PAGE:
At first thought, I rolled my eyes and wrote it off as some wacko New Age seminar. But then I wondered if this might be an Acts 17 opportunity. I thought, Hey...yeah, I have seen the Light before and this may be a good opportunity to talk about the importance of Jesus to a group of spiritually open people at the local library.
So I signed up.
I came home, had a quick lunch with Megan, checked email and made a few calls to the directors of some agencies who are in Lansdale and are in need of some help right now - both financially and with volunteer opportunities.
Though it was cold and rainy I just couldn't let go of a thought I had: to take cookies over to some neighbors. The night before I had noticed that an ambulance had pulled up to the neighbors four doors down. I saw a stretcher being pulled out of the ambulance, but could see nothing else. I had yet to meet these new neighbors, who live in the upstairs apartment unit of the house down the street.
We had leftover cookies from a few nights prior, when we had three ladies from our launch team over for dinner. I threw a few cookies on a paper plate and covered it with Reynolds Wrap, got the umbrella and bundled up. As I walked I felt silly (guys don't take cookies over to the neighbors to make sure they are alright!) but felt I still needed to follow through, even though I felt less than manly doing so.
A young woman in her mid- to late-twenties answered the door and I asked if this was the place where an ambulance visited the night before because I wanted to check to see if everyone was okay and to bring some cookies for whomever it was. She said yes, that it was her who had called 911. She had fallen down the stairs, hurt her back very badly and couldn't move. Everyone she called on her phone for help didn't pick up and didn't know what else to do so she called 911. She said she was okay, but in a ton of pain. She mentioned that the doctors at the ER could only give her Tylenol and she was still in a lot of pain. "They didn't they give you something stronger than that?" "Well, they ran some tests and much to my surprise, they told me that I'm pregnant."
She said she had been with her boyfriend only two months and they were freaking out. Her boyfriend didn't want to keep the child and she wasn't quite sure what she wanted to do - she was back and forth.
I briefly told her about our story, how we were unable to have children of our own and how we got connected with a woman in a similar situation than her. I told her that we had been given the indescribable gift of a little boy named Carter who is almost two years old now. I told her that there were many, many couples like Megan and I who were out there just waiting to adopt a child and that if she was willing to have her body be "inconvenienced" for nine months she could have the opportunity of giving the greatest gift some couple could ever receive. I told her we would do anything we could to help her make a wise decision. We'd help her connect with a couple, if she wanted to. I invited her to come over for dinner next week with her boyfriend so we could get to know them, offer our help, let them hear more of our story and meet Carter.
Here I was, standing on the porch shivering and wet with a plate of cookies in one hand and holding an umbrella in the other politely pleading with this woman I just met to consider giving her child a chance at life. Then I walked home and told Megan about the experience.
Then I got in the car and swung by the mosque to see my friend Mohammed, the mosque leader, something I do about once every other week. I've been developing a relationship with Mohammed over the past few months. I stopped by and just hung out with him for about an hour in his office. We had an amazing conversation. We talked about his favorite American foods, politics and an American's perspective on war. He told me about preparations of the upcoming feast in early December where Muslims sacrifice animals in remembrance of Abraham's willingness to sacrifice Isaac (By the way, for those of you wondering: he did tell me that, no, the borough our Lansdale does not allow this, which is why they go to a farm in Dublin for this particular event. Boy, what an experience that must be.) This was fascinating to hear him describe this, to say the least... He also told me that he misses his wife and young son, who live in Bangladesh and whom he has not seen in two years. His son is two years old. The last time Mohammed saw his son he was three weeks old.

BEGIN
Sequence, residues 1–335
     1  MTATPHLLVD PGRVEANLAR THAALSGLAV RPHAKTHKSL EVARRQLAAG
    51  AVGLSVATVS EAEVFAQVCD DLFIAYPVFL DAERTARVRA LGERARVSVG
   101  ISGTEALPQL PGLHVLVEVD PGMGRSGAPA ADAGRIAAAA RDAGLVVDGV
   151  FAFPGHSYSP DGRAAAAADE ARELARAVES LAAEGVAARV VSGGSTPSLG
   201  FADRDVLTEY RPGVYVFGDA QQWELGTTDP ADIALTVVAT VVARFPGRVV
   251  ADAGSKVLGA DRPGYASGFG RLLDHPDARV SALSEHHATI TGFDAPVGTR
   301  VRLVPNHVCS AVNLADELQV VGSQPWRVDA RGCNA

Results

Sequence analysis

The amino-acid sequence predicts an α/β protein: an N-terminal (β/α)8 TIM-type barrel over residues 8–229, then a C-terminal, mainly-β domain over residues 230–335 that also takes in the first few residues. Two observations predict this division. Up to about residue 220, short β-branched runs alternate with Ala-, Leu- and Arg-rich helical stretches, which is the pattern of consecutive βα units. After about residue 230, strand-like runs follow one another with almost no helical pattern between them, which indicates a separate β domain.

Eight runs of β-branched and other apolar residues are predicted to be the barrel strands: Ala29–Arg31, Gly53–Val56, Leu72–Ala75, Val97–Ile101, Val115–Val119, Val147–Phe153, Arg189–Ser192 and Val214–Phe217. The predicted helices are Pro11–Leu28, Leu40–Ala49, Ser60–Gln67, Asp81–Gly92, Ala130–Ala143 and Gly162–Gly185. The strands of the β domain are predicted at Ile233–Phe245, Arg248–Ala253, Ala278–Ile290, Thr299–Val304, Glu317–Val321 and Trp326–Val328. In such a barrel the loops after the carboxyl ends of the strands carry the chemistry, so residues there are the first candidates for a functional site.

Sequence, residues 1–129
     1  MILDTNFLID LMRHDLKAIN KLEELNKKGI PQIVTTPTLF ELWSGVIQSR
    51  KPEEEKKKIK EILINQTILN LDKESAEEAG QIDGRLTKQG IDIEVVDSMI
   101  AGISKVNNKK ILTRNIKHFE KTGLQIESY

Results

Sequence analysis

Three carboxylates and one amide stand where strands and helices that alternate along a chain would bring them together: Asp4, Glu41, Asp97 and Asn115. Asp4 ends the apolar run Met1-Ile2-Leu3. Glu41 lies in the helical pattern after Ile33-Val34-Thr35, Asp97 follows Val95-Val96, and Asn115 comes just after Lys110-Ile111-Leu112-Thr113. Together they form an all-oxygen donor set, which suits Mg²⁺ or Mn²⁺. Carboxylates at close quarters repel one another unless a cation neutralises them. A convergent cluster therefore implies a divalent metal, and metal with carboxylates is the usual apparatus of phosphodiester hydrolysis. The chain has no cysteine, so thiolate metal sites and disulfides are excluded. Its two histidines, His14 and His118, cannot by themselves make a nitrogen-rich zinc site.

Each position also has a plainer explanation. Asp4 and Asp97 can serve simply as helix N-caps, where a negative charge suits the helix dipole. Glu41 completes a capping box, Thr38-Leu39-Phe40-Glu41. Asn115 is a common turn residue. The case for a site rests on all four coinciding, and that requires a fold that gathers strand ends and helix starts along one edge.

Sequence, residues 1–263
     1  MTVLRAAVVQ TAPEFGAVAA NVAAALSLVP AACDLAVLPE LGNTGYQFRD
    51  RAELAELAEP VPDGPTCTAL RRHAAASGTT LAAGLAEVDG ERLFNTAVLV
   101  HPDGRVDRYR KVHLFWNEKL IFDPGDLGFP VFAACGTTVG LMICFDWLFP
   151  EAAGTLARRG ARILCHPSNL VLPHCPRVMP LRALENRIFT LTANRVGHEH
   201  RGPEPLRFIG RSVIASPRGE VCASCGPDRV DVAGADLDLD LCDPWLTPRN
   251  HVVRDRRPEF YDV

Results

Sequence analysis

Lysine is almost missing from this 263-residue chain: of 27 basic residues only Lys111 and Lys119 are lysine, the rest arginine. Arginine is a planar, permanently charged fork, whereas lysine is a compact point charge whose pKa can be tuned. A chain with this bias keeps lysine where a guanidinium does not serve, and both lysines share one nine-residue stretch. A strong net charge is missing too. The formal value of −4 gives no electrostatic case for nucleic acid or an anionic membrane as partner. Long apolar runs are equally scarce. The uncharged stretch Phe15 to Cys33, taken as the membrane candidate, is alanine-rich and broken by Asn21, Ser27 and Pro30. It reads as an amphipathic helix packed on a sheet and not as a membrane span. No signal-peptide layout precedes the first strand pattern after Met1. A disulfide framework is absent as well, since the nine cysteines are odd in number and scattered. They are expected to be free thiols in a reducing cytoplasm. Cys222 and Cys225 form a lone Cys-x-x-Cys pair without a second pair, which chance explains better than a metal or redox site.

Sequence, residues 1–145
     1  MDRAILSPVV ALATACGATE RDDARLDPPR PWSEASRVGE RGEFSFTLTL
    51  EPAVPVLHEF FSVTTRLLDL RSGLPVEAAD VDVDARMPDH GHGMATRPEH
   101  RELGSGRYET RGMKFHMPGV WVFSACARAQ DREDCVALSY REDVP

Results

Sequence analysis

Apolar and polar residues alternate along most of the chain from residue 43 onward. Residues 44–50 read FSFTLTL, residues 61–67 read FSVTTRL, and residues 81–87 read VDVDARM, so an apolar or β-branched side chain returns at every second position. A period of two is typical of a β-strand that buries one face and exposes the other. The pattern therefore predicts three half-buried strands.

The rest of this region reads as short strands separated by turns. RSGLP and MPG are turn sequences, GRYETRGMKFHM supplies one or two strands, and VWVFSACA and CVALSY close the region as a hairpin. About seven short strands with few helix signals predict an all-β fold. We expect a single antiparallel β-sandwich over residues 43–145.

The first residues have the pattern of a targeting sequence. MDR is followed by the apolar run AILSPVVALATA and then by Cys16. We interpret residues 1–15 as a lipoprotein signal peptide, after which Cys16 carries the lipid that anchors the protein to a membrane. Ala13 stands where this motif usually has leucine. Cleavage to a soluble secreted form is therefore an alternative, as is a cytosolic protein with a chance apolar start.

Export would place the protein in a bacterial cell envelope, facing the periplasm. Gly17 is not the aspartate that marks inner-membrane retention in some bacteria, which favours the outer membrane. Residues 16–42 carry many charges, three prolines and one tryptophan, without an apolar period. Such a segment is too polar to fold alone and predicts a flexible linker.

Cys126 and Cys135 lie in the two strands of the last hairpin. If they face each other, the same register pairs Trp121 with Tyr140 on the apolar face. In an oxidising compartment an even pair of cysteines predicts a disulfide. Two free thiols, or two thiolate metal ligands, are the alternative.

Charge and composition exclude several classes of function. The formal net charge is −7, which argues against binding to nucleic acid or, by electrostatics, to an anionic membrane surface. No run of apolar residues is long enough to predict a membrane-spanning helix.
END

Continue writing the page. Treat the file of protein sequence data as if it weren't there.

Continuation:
Mohammed told me that he actually lives at the mosque and that he doesn't have a car, though he does have a license. I told him that he is more than welcome to borrow my car to run some errands whenever he needed to - or I can drive him around and we could go together.
then asked if I would help him contact our local and/or state officials to see
if he could get his wife and two year old son to come to America. He wanted help to see if there was any way we could set up a meeting to see if someone could speed up the immigration process. He has
the money and paperwork filled out, but he was told it would be two years before the immigration paperwork could get processed entirely. He wondered if I could set up a meeting with a government official in order to help
him. I was so honored that he asked me for help and, of course, I said I would do what I could to
help him by making some calls and talking to these officials.
Then he said, "Would you be willing to join me to travel and visit my home country of Bangladesh
some time in 2009? I will cover the hotel, lodging, food and
transportation in the country, as long as you pay for your plane
ticket...are you interested? I would be honored to show you around my
home country and introduce you to my family and friends."
I told him, of course I am interested and wold love to join him.
But then he said something that rocked me.
said, "J.R. you are a very kind person. You are the kindest American I have met. I like spending time with you.
I learn more about Jesus each time I am with you. I want to know more
about Jesus and how he impacts your life. I have never met a Christian
like you before. You are always stopping by to see me...thank you."
Then he said something that almost made me fall off my chair.
"J.R., if every Christian acted the way you have acted
to me in love and kindness, now that would change the world."
It took everything in me to not have my eyes well up with tears. Yeah God.
I went home, had dinner with my family and had "Carter duty" for the evening while Megan scurried out the door to attend a Farmers Market meeting (attended by about ten other people who are coordinating a new farmer's market that Renew is sponsoring starting next spring in Lansdale - but that's a whole other blog post for another time...)
That night I laid in bed and thought, Wow, God...what a wild ride today was. What the heck are you up to? Most days are certainly not like this one I had, but when they do happen this way I absolutely love it.